Washington Examiner: Even liberals realize government makes housing pricey

The Washington Examiner’s Barbara Hollingsworth writes this morning on a recent positive development — even liberals now agree government intervention is making housing unaffordable.

Hollingsworth writes, in part:

In this age of political and ideological polarization, it’s rather extraordinary when progressives and libertarians find themselves on common ground. But that’s what happened last week at the Cato Institute’s policy forum on affordable housing.

Progressives on the panel wanted higher urban densities to allow more people to live in central cities, while their libertarian counterparts pushed for less market restrictions on the supply side. But both were in general agreement that too much government regulation is the real reason that affordable shelter is still too hard to find for many Americans…

…Left-leaning economist Ryan Avent, author of “The Gated City,” pointed out that housing costs in the United States no longer closely track construction costs like they did over the previous three decades. An advocate of high-density urbanization, Avent noted that “layer upon layer of barriers” — including overly restrictive zoning, historic preservation and environmental regulations, and pressure from local elected officials — have added a “shadow tax” of 30 to 50 percent to the cost of a home in some markets…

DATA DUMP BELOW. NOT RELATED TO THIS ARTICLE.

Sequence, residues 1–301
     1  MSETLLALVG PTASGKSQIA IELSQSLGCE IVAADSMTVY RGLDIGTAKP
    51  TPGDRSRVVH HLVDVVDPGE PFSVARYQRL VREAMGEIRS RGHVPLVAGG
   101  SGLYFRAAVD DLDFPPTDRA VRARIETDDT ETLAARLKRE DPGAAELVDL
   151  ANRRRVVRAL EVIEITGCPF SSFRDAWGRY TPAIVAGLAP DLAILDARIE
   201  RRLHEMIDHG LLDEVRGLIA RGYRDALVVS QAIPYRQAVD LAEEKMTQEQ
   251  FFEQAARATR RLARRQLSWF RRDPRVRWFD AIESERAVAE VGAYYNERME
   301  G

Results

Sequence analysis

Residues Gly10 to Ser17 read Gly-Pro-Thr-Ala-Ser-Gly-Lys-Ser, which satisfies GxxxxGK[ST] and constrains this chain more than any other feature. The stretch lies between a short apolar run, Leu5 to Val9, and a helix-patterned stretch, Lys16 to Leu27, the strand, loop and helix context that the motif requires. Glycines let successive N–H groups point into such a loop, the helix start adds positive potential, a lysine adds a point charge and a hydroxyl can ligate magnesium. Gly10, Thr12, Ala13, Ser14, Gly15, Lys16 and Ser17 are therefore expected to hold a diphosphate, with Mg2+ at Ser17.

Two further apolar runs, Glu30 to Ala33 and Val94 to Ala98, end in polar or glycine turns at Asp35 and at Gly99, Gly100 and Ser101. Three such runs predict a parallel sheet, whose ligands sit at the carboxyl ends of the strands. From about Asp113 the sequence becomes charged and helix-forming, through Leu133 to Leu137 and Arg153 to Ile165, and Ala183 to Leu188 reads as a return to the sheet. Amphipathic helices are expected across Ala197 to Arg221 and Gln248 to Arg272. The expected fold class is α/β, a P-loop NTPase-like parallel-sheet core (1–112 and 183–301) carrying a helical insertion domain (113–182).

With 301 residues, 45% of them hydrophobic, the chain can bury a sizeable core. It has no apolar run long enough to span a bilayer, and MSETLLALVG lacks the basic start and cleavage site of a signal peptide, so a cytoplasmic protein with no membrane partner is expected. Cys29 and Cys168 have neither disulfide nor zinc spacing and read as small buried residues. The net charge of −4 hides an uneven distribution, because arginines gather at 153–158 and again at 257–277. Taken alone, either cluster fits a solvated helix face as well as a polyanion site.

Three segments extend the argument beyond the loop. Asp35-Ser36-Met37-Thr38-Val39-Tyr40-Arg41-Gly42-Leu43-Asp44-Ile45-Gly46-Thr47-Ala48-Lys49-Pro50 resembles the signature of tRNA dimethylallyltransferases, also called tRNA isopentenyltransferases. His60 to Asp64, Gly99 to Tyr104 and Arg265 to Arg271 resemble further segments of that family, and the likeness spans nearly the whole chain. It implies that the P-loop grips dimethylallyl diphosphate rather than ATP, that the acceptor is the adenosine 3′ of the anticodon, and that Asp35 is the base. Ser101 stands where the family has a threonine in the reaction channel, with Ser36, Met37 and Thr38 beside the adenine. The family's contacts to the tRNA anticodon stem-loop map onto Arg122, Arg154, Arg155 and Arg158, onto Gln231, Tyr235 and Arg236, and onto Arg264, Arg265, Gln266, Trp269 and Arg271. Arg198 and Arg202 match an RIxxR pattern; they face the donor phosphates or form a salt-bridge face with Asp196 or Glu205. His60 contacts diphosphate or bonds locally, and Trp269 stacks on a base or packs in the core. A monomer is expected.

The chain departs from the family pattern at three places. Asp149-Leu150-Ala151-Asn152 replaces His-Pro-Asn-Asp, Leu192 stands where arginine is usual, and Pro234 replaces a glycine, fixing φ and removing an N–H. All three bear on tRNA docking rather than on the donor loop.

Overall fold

…What would a city look like if it ditched the multiple layers of zoning and other regulation that keeps housing unaffordable for many people?

It would look like Houston, said Cato Senior Fellow Randal O’Toole, author of “American Nightmare: How Government Undermines the Dream of Homeownership.” O’Toole pointed out that the Texas city, which does not have a formal zoning code, is the fastest-growing urban area in the U.S. Families can still purchase a brand-new, three-bedroom, two-bath home there for $110,000 — six times less than the price of an equivalent home in tightly zoned San Francisco.

Controls on land use in Houston are imposed by deed restrictions and private covenants that can be modified if and when conditions change. The surprising result of this libertarian policy is that sections of the central city have European-like density that progressives in cities like Washington only dream about…

Read Hollingsworth’s full column here.

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